Human resource management issues are not new; the tricky problem of getting the best out of your staff was as pertinent to the eighteenth century manager as it is today. For the aristocracy and landed gentry much of the anxiety of managing staff centred on domestic issues. Even in grand houses the advice was for the wife to take personal control of the arrangements for as one of the many manuals points out when “the lady” resigns up her “Concerns” to the “Governante” or housekeeper, it has “gone ill”, leading to pilfering, even dividing “the Spoil of the Family”.
The possible issues are highlighted in a letter in the Panshanger collection to Lady Cowper in 1720 in which the correspondent is pleased that “As vexatious as your very naughty servants have been to you I am glad you could so far forget them as to omit it in your … letters”. He or she is full of good advice some of which ties in with something that sounds quite enlightened: “the only way to govern them is to make them so content with their places that they shall fear turning away, otherwise we have no restraint upon them.” This chimes with a published guide to managing servants which recommends “much ease and order as may make their labour pleasant, and their duty desirable. “ The correspondent is gracious enough to allow that Lady Cowper is in charge: “I submit ‘em wholly to your conduct act as absolutely, and I can enable you to do, turn ‘em away and take ‘em [back] at your pleasure, and when you have ‘em use ‘em as you think fit and as for their number, increase or lessen them I will be content.”
If Lady Cowper needed to go further afield there was plenty of empathetic advice available. One writer goes so far as to claim that “it is not to be wondered at, that in an Age abounding with Luxury … servants should be in general so bad, that it is become one of our calamities not to be able to live without them”. But there is an acknowledgment that while the neglect of duty is not to be tolerated, ‘Masters are to give to their servants that which is just and equal’ and they should not be treated with ‘rigor or contempt’ but given a ‘sufficient and decent provision, both in sickness and health.’ Lady Cowper’s correspondent is sympathetic to her plight but does take the opportunity for a little sharp comment that she is in some way inadequate in her management skills: “’Tis plain from this and other , thy servants are generally bad, yet they do not as I observe use me or anyone, so very ill as they do you.”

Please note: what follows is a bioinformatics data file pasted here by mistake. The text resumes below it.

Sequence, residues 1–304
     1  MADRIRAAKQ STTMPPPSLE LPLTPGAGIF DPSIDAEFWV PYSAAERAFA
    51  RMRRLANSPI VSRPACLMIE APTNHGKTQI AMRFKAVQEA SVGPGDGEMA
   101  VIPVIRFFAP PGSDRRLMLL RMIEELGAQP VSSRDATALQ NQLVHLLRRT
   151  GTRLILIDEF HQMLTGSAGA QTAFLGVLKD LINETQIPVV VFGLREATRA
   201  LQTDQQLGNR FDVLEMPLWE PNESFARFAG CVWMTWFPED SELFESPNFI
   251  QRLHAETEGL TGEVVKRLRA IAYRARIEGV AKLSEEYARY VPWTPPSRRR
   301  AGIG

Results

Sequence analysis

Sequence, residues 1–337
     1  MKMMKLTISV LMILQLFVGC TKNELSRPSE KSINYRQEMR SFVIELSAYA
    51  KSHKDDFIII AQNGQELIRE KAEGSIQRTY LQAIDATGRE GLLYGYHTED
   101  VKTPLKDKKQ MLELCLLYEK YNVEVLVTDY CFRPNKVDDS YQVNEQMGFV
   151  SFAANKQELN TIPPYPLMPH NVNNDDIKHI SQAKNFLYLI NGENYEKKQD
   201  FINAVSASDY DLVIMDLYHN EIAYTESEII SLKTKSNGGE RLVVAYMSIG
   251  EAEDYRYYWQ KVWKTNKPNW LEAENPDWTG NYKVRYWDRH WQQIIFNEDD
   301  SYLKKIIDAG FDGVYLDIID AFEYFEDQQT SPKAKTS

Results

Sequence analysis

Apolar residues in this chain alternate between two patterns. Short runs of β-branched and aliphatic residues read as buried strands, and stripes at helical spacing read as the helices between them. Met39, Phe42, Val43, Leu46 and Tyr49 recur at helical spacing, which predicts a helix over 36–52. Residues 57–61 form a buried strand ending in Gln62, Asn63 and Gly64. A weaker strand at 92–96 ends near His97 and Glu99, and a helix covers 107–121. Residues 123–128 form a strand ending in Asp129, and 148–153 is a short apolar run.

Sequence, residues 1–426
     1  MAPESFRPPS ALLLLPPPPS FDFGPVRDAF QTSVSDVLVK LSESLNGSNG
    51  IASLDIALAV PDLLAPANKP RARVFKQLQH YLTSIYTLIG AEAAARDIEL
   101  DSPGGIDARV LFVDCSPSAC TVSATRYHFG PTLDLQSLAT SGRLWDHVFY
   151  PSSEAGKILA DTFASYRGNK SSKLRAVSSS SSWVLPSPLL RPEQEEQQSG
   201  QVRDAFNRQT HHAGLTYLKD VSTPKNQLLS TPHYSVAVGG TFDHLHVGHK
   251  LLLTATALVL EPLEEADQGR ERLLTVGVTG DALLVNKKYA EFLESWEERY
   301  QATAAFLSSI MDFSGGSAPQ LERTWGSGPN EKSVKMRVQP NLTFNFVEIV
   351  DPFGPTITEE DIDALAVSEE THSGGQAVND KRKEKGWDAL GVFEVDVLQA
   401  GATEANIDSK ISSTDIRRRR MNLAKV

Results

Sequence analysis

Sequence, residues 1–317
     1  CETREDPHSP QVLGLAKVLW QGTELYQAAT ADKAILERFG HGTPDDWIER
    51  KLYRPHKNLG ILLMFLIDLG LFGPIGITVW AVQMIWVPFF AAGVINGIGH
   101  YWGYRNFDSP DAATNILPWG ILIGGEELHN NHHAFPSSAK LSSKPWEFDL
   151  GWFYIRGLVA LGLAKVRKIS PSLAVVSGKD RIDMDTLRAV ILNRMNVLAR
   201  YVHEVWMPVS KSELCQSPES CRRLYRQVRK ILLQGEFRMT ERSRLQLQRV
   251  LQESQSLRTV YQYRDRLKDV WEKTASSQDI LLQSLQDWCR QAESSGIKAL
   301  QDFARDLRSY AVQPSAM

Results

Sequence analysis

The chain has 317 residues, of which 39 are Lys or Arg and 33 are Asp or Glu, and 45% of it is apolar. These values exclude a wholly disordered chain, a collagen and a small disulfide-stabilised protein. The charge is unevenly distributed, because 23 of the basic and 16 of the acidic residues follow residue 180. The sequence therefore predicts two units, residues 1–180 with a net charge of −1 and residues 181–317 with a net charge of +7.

But the writer of the letter still has some good advice, which may both alarm and satisfy current Human Resource Management practice such as “neither beat servants nor fine ‘em; the only way to govern them is to make them so content with their places that they shall fear turning away.” This early modern consultant goes on to offer further words of wisdom, which do seem reasonably fair given the power that the lady of the house had over the domestic staff: “You find turning away one is no example to mend another, or prevent the like offence as you imagined it would.” It seems that Lady Cowper’s temper might just get the better of her sometimes, as the next comment is ”Their places are good but they are often so sharply reproached for the small faults, that they grow desperate, hate their places, and do become very easy to commit great”, and warns her against “teasing them for small things”.
The problems suffered by Lady Cowper include one servant whose “drunkenness got my attention, having one sober day between two drunken ones except that on Friday, it proved quotidian”. This is clearly a hazard common to domestic servants as another commentator points out that she has ‘known several who have loathed the very smell of my spirituous liquor at last to love them to their ruin’ In fact the author of this homily goes on to say that she warns her maidservants that the “consequences of these uplifting spirits, none of you but have sense enough to see, if you would give yourself the trouble of considering … the horrible objects which the streets every day afford you.”
We do not know if Lady Cowper’s staff management techniques improved, but as we have seen there was plenty of help available if it did not.
 Richard Steele, The Ladies Manual, 1714
 Eliza Haywood A Present for a Serving Maid , 1744